A shocking new report by the Chicago Tribune details the state’s failure to protect Illinois hospital patients from harm. A vast majority of complaints involving serious abuse and neglect are being ignored, and the court system is the only outlet for many of these medical malpractice victims to be heard.
Our Chicago medical malpractice lawyers are well-versed in federal law, which requires that the Illinois Department of Public Health investigate serious allegations of inadequate care or mistreatment by hospital staff within 48 hours. This law is extremely important to ensure quality care for millions of hospital patients across Illinois. Without proper regulation and investigation, hospitals have no incentive to correct the problem and avoid future mistakes.
Unfortunately, according to the report, at least 85 percent of hospital complaints involving allegations that ranged from dirty needles to patient abuse were ignored last year by the state of Illinois. Some of these complaints involved preventable medical mistakes, such as using proper safety gear and equipment. One hospital patient died from a bacterial infection because the staff failed to wear protective clothing and gloves. This tragic incident was reported to state regulators, but they declined to investigate it further. They also declined to investigate at least four complaints from another downstate hospital, where patients were allegedly left in their own feces and sores for an extended period of time.
Lack of funding and untrained hospital staff are just a few of the excuses
that the state has used to explain why the regulatory system is not adequately
responding to these complaints. Public health officials have proposed
fees that would amount to a few cents per day for each hospital bed, and
provide regulators with additional resources to investigate complaints.
Several states outside of Illinois use a similar fee-based system to ensure
broader inspections. But groups such as the Illinois Hospital Association
argue that hospitals are already struggling with Medicare and Medicaid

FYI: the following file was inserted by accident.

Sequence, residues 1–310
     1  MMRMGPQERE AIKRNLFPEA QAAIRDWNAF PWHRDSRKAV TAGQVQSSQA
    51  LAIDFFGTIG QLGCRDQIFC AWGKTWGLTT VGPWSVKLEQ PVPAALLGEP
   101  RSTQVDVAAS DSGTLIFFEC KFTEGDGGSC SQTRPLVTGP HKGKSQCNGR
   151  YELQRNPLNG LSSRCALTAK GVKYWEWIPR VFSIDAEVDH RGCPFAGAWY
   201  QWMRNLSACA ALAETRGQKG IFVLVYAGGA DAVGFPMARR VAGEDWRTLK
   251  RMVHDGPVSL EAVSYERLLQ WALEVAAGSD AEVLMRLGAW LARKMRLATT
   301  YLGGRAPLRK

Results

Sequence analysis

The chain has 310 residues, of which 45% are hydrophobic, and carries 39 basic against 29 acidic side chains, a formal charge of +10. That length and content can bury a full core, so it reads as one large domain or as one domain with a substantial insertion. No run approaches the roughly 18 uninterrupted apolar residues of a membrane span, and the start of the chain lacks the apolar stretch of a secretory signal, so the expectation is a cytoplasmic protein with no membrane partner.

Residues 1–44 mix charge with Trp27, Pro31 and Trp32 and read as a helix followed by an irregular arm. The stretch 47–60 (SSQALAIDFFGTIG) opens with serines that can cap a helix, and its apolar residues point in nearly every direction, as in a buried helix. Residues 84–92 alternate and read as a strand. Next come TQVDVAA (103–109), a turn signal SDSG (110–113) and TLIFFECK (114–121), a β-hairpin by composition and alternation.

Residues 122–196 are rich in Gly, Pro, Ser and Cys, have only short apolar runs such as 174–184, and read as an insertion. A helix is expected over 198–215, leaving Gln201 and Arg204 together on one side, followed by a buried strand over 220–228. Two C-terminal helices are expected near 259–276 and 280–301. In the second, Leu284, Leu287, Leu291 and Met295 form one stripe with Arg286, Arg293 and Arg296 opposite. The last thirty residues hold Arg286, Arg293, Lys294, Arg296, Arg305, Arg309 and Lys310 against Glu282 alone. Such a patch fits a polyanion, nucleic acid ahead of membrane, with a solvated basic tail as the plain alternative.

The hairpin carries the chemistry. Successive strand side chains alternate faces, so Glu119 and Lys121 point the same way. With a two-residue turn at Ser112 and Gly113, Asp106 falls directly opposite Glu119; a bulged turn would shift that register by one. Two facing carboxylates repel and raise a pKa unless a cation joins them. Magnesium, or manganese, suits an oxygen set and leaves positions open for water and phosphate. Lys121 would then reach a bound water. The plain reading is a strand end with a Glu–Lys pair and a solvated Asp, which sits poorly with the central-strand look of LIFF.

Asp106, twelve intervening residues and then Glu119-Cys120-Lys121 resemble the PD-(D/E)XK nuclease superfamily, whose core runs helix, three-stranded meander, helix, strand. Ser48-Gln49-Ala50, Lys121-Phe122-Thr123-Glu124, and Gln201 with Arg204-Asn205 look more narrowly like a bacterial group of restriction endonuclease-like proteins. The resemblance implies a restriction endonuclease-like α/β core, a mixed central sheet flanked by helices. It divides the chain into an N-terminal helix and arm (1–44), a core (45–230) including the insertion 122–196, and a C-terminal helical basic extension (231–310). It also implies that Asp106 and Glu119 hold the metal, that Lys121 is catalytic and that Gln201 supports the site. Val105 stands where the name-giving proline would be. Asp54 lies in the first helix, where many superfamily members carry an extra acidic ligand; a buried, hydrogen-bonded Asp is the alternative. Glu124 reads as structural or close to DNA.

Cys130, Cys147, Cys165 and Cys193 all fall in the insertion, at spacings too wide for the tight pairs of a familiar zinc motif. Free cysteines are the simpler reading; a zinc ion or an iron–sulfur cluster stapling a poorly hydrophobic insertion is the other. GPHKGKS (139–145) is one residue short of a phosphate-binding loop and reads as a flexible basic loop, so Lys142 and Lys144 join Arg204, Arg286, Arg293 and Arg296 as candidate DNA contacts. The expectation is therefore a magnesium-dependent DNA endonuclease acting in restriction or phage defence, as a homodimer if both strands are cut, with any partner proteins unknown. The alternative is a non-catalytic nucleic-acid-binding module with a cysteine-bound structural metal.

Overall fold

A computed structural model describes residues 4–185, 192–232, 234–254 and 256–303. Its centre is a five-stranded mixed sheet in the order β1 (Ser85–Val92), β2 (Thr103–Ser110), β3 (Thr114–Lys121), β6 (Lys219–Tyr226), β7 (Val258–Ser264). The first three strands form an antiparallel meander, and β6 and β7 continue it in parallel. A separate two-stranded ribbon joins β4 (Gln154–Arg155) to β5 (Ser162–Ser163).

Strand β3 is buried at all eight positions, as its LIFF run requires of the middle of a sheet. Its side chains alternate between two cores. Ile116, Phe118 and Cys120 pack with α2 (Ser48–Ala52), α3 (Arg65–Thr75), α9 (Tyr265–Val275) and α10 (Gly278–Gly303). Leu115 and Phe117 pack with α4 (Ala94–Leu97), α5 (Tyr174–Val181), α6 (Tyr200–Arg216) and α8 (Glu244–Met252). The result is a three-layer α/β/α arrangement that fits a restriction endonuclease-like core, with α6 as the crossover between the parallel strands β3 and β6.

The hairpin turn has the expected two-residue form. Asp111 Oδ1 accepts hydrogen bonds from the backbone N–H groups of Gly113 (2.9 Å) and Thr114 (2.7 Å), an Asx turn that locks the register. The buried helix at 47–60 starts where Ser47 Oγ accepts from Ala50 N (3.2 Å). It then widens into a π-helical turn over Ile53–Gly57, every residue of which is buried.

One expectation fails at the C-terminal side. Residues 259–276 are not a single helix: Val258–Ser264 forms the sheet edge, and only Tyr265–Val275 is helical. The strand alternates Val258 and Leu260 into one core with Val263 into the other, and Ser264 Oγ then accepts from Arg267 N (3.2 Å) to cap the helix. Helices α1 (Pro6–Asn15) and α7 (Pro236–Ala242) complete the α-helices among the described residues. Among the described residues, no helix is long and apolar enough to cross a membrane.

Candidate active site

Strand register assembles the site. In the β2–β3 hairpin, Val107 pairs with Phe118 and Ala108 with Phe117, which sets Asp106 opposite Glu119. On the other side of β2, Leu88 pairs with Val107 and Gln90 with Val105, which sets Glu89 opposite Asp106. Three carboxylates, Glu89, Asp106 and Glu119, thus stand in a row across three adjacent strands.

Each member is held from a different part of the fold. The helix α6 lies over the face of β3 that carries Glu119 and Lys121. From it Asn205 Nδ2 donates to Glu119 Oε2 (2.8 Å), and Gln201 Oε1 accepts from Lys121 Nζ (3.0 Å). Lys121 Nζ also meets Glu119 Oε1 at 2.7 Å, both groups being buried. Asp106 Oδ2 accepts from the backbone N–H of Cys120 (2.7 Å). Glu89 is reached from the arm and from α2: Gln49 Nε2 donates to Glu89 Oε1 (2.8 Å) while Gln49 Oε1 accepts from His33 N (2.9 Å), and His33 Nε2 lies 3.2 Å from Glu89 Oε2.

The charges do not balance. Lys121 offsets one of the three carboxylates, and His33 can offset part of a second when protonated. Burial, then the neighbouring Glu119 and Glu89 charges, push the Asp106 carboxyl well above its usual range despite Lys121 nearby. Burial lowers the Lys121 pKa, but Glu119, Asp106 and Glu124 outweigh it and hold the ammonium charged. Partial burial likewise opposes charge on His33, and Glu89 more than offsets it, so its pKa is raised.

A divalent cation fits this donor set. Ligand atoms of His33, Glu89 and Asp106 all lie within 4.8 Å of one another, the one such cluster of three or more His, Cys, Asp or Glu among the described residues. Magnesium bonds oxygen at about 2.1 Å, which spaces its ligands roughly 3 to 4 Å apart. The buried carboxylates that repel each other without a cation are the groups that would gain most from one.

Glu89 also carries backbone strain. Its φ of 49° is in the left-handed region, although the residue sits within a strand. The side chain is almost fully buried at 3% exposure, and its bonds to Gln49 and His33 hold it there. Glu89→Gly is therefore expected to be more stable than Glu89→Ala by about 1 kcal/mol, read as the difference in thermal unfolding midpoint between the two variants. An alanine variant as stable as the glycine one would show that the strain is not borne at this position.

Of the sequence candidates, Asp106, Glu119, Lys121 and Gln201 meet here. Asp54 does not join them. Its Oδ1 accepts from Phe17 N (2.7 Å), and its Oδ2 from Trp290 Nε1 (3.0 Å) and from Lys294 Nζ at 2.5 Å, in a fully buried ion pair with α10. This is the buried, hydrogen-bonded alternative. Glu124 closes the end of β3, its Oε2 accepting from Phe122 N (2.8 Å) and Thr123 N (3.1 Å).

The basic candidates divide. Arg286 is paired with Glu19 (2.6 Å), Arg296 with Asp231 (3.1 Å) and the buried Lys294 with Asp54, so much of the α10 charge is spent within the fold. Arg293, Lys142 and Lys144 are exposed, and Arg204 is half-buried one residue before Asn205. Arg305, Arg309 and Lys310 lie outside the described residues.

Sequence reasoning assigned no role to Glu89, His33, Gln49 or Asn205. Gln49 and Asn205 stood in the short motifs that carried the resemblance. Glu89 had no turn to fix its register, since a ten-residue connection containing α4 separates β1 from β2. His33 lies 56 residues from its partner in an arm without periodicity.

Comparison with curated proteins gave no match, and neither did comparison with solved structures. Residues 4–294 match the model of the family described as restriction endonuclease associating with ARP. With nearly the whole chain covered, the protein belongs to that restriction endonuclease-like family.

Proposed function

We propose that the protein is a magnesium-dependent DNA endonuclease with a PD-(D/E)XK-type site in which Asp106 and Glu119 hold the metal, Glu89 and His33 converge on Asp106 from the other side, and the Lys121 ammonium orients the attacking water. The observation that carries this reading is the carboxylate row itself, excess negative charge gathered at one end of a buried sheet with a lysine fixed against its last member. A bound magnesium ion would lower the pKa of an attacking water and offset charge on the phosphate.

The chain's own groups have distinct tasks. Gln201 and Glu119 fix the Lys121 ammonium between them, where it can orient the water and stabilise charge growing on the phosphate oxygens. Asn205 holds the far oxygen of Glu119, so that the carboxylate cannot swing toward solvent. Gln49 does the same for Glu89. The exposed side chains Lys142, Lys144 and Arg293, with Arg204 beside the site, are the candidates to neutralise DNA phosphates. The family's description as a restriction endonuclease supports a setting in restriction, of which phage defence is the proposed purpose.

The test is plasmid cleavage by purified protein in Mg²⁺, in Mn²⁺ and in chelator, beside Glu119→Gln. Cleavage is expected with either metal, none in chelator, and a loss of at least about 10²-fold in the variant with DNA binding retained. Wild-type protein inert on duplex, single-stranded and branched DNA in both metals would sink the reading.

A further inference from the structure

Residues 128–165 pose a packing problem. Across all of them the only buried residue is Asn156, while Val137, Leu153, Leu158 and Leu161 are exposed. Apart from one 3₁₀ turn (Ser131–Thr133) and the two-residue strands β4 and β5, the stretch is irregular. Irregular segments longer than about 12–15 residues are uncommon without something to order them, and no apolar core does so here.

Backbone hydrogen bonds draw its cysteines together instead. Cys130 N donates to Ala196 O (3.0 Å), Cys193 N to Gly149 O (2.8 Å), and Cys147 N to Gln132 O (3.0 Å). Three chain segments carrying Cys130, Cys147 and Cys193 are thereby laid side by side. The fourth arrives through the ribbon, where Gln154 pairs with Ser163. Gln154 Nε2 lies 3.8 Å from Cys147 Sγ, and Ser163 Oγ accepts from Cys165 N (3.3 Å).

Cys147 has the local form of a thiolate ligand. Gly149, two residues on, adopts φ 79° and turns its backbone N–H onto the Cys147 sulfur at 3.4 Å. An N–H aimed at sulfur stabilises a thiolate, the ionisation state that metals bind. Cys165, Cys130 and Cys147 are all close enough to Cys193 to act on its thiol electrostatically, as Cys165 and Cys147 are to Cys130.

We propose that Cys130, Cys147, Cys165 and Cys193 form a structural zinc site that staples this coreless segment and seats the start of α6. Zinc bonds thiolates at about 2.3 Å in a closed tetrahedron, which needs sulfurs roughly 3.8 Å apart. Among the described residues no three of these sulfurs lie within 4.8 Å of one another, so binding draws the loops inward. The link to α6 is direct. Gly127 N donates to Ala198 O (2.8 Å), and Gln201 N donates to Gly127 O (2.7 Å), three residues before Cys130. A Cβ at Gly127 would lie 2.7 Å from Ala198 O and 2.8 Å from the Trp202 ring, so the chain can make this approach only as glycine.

cuts, and additional fees would add to the already increasing cost of
State hospitals often rely on internal controls to regulate the quality of care. In fact, Illinois was one of the first states to recognize the corporate negligence theory, finding that hospitals have a duty to act on complaints of nurses regarding allegations of substandard care. However, the latest research shows that even complaints by hospital employees are not given proper consideration. One nurse alerted the health department to inadequate staff levels in her newborn unit, but regulators failed to investigate. This failure of government oversight puts patients in danger because it does not provide any recourse for negligence or abuse.
With the Illinois Department of Public Health routinely overlooking patient complaints about serious harm, the justice system is the only effective way to hold negligent hospitals accountable. Our experienced Illinois medical malpractice lawyers understand that private citizens deserve quality medical care. When the hospitals that we trust and the government agencies that we rely on jeopardize patient safety by ignoring allegations of harm, a medical malpractice lawsuit is an effective way to ensure that these mistakes do not happen again. Far too many hospital patients are suffering serious injuries or death due to preventable medical mistakes, and these situations deserve immediate attention and monitoring.